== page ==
Eyes Of Time

Photo prompt: Sue Vincent

 

“Learn to listen,” He-Who-Runs-With-Crooked-Legs told him as they sat to whittle spears and arrows out of saplings.

The old man’s hands moved the sharp bone deftly over the yielding wood, smoothing any bumps that could confuse an arrow’s spirit and send it listening to things other than the direction intended by the hunter.

He-Whose-Smile-Fades-Fast had hands that didn’t listen. The bone slipped. The sticks broke. The tips burned instead of hardening.

“You are still young,” He-Who-Runs-With-Crooked-Legs nodded at the boy’s frustration, his own fingers flying like starlings in a sky dance. “Your patience needs many more moons to grow.”

“…And you face special challenges,” the older man added, and the unexpected compassion softened the lined face in a way that soothed the boy more than the salve where the fire had wounded him. “It is your path to struggle. It is your path to overcome and become One-Who-Knows.”

“Like you?” the boy asked, eyes gliding over his mentor’s legs — one long and lean and straight, one tight and oddly bent. It had taken him months to build the courage to speak to the Shaman, and months more to dare note what all saw but was taboo to mention. The deformity was part of the man’s magic. It lent him awe. It caught the curiosity of spirits so they crowded closer to examine him, bringing hardship but also allowing him to speak and sing and plead and wrangle with them on others’ behalf.

“Yes, like me,” He-Who-Runs-With-Crooked-Legs replied. “A path of pain becomes a path of wisdom. If you let it teach you. If you open your heart and listen to your mind, your eyes, your hands, your scars.”

The boy lowered his eyes. He’d seen the man unclothed and he knew the many scars that crisscrossed the Shaman’s torso and that they were part made in valor, part born of harm.

 

He-Whose-Smile-Fades-Fast still remembered the evening when the old man had tapped the flap to the family’s dwelling, and poked his staff in to let his parents know who’d come. It wasn’t his mother who’d let the guest in. It wasn’t even his brother, who’d since become a man. But his father who had gotten up to greet the healer. His father who’d vacated the best seat and who’d served the steaming pine tea in the whorl cup.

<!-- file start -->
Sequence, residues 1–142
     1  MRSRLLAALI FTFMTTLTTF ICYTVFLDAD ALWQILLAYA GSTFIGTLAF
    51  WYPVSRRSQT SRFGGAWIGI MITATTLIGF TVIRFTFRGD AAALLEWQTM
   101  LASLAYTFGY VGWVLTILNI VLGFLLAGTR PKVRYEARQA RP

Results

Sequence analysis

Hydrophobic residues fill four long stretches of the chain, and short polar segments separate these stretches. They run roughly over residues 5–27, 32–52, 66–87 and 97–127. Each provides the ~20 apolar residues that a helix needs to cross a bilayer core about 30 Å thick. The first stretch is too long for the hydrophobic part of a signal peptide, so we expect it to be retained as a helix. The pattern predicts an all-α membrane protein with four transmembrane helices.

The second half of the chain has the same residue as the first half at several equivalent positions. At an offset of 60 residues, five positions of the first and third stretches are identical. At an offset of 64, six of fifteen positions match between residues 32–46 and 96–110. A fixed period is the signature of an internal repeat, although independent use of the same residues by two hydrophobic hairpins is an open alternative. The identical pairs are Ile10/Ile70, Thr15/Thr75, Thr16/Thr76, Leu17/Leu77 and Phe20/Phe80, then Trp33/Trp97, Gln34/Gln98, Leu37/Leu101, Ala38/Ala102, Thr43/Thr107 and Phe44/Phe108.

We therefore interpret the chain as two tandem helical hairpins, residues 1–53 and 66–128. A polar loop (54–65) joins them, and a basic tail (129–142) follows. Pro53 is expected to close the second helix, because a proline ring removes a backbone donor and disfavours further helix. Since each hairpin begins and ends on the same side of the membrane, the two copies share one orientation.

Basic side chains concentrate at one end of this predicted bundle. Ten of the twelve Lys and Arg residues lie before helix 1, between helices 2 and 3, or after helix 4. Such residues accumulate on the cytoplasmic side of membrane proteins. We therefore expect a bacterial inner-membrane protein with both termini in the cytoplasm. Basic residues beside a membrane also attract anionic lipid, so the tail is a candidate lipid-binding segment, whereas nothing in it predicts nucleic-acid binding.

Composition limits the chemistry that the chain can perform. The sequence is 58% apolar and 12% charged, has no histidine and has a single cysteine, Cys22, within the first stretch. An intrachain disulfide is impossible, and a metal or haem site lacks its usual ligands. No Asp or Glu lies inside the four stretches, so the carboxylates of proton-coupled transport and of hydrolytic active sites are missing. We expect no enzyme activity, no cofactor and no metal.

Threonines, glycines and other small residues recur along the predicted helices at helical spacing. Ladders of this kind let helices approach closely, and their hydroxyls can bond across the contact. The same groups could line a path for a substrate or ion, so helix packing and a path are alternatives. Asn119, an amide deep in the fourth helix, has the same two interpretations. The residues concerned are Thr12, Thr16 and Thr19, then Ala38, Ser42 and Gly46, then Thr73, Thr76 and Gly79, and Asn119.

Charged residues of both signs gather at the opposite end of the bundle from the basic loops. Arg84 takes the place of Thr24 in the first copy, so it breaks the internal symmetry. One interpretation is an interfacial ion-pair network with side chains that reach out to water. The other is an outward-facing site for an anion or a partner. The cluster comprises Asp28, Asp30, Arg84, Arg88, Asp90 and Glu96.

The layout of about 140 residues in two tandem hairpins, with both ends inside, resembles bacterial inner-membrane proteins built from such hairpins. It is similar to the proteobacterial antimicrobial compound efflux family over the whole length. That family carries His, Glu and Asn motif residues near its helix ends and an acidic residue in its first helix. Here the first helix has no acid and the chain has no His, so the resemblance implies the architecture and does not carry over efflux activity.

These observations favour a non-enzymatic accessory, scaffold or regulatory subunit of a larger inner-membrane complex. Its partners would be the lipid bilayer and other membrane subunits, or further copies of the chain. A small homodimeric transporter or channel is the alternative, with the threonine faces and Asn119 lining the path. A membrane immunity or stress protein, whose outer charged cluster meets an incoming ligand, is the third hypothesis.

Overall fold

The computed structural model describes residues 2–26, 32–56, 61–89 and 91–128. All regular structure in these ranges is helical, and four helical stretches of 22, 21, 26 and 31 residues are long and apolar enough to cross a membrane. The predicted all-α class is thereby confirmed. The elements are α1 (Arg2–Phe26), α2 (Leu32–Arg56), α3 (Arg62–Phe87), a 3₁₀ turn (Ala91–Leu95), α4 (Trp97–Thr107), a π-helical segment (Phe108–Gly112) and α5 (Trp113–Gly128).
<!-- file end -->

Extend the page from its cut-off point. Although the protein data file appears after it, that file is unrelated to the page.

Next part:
The boy had gone to hide behind his mother’s back while the men talked. He curled his webbed fingers under his thumbs. He stuck his tripping, stubby toes under his mother’s furs. The Shaman scared him, and he felt it in his stomach that it was him the words concerned. He felt it in his mother’s muscles, too, tensing as she listened to a future that she must have known was his, and to the losses that she had to know were coming.

Shamans did not hunt. Shamans did not marry. Shamans did not dangle babies on their knee. They fasted. They prayed. They endured. They traveled worlds of mist and danger to bring back people’s souls. They blessed weapons and fought the spirits of famine and war and ill. They were feared and respected but not often loved. It was not a life a mother would will.

That night had been his last in his mother’s arms. He’d been entrusted to the Shaman since. For days he’d ran in tears to his mother only to have her return him solemnly, her own eyes dripping, to the feathered tent.

“You are fortunate,” she whispered to him once when he clung fiercely and her own hands seemed reluctant to release him. “Some Shamans can be cruel in their training, but he is not. He was my uncle once, in the years before he turned a holy man. He had been raised in violence and he promised he would not impart it on you. Go, my son. He will be like a father and mother to you now.”